In with All Four Feet

Richard and his Pop and the projectAfter nigh onto two years of planning, (designing, assessing, interviewing, adjusting, re-planning, re-designing, heart-searching, pocket-digging, despairing, selecting, and once again adjusting), we have made the jump. The contract is signed, a first check has been written (gaspingly large), and we are committed to the construction of the house. It’s terrifying. It is, naturally, what we had in mind from the beginning, but I’ve become so accustomed to the routine of decision-making and revision, it seemed almost like an end itself. The number and scale of decisions to be made in a house construction project are beyond imagining. It seemed eternal and stable. There is a sense of safety in endless repetition. Above, you can see Richard and his Pop looking over the concept, a year ago.

Here is the first draft of the house, a little model that is now quite dusty and tattered from its travels from the dining room table to design offices, show-and-tells, family events, and back home again.First draft model

It seemed so simple. You can see the little studio-workshop on the left behind the house, the matchstick Linden tree in the front yard, the way the house nestles into the slope, all in Richard’s Styrofoam, plasticine and Saran wrap rendering. And here’s what it has become in someone else’s hands:

Plans, plans

Look, there are little plants in the attached greenhouse! That greenhouse is the primary solar collection engine of the house. You can’t see the solar roof panels in this rendering. This was a recent doing-over of the plan, but I can see red pen on the drawing, which shows where something was wrong. I think, in this one, the floor was not continuous to the soffit supporting the greenhouse roof. Or some other minor thing.

Here we are, still in the throes of decision-making over yet another iteration of the plans, last week.

High level planning session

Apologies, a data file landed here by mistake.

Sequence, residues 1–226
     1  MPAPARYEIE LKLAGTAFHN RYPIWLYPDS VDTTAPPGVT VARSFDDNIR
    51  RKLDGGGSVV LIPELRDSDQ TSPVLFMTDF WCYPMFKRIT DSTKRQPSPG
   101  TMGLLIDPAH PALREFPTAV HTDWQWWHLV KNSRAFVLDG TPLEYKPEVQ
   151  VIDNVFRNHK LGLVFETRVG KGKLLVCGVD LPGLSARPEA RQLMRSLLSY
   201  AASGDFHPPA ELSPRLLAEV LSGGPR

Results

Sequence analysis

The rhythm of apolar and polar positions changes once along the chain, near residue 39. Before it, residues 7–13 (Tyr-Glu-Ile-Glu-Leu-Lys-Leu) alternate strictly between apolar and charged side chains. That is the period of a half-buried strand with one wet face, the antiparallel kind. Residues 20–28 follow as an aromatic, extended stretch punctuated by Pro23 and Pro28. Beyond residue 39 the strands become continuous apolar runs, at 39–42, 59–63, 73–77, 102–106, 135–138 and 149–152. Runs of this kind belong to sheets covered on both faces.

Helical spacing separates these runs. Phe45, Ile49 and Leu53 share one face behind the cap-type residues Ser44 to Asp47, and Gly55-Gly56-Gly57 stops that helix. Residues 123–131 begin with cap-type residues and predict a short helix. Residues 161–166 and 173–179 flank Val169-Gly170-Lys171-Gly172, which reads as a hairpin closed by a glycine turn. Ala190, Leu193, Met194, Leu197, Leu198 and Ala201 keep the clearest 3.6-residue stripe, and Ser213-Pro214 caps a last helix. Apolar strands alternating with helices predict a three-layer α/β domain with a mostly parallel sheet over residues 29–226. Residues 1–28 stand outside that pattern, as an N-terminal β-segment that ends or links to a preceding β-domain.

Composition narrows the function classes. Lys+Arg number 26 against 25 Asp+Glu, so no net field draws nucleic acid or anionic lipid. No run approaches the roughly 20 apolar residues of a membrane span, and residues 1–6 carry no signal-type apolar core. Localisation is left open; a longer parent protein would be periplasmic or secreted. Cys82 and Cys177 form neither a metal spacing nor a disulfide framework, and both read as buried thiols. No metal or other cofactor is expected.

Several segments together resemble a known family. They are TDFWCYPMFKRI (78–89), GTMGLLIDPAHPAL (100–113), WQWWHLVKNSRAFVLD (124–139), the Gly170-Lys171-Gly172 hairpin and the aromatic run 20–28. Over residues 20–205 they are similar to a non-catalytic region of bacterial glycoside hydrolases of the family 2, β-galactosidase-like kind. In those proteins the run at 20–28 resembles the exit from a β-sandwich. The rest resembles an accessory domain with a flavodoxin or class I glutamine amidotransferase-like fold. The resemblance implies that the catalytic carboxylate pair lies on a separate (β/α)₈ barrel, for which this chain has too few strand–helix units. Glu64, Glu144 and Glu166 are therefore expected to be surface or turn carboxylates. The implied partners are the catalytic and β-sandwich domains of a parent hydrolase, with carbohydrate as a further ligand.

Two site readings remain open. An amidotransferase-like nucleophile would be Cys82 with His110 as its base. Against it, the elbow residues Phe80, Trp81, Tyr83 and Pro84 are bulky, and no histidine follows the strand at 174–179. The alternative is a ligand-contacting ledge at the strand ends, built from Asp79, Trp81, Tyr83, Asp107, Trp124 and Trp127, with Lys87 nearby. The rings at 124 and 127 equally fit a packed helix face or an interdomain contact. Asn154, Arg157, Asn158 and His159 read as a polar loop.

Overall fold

Please excuse my couture apparel. I’ve been painting. I’m lucky my hair isn’t green in this shot. It was, later.

In any case, we’ve chosen floors, doorknobs, kitchen faucets, bathtub faucets, shower faucets, sinks, lights, a bathtub, ceiling fans, toilets, water heaters, stairs, ramps, windows, toilet paper holders, shower doors, people doors, woodstoves, counter tops, cupboards, shelving, locations of switches, locations of closet doors, and … well, in fact, I’m not sure what else. We’ve made endless “selections” as they call them in the trade, and then taken them, almost every one, out again once we saw the cost. I have a file of photos of wonderful selections we spotted at model houses and home shows: copper kitchen sinks, mosaic tile showers, arched windows, a cypress bathtub, beautiful frosted glass blocks, kitchen drawers with hardwood inserts for implements and spices, hand-built exhaust hoods for the kitchen, and drying cupboards for damp clothing. Gone. All gone.

But, you know, simplicity is a testimony to the good life, and is comfortable to our condition.

All I can say at this point is, we’re in it, both of us, with both feet.

21st Century, here we are.

There’s a reason they call this Green Construction.


Published in: on May 26, 2008 at 11:47 am  Comments (7)  

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7 CommentsLeave a comment

  1. So what do you folks do in your spare time?

  2. Oh, we fool around setting up self-timer photos of ourselves for the blog. Stuff like that.


  3. Wow! It looks great. Congratulations!

  4. The house looks wonderful! May your building phase be glitch-free and actual flowers soon bloom in the greenhouse.


  5. Flowers?! Not many. The greenhouse will be devoted to edibles to a great extent.

    When Susan had her place in Portland, we turned that sub quarter acre lot into a veritable farm. You’d be surprised how attractive carefully selected, although ordinary, edible plants can be. Chard in all it’s guises; eggplant, rhubarb; berries of all sorts; lettuces of several descriptions that can be harvested leaf by leaf; cabbages and cauliflowers of multiple colors; and, of course, edible companion plantings of marigolds, pansies, nasturtiums.

    For fruits, the trick is pollination. Once in a greenhouse, bees and other beneficials tend to beat themselves to death on the glass above them rather than finding their way out. Our budget does not include any operable lites at the top of the glazing – only exhaust fans on the end walls.

    But, flowers or not, our intention is to have a lovely, fertile garden.


  6. There will be flowers… some flowers.

    But as Richard suggests, and Edna Ferber wrote, “Cabbages is beautiful.”


  7. WOW !! That is going to be one amazing house !

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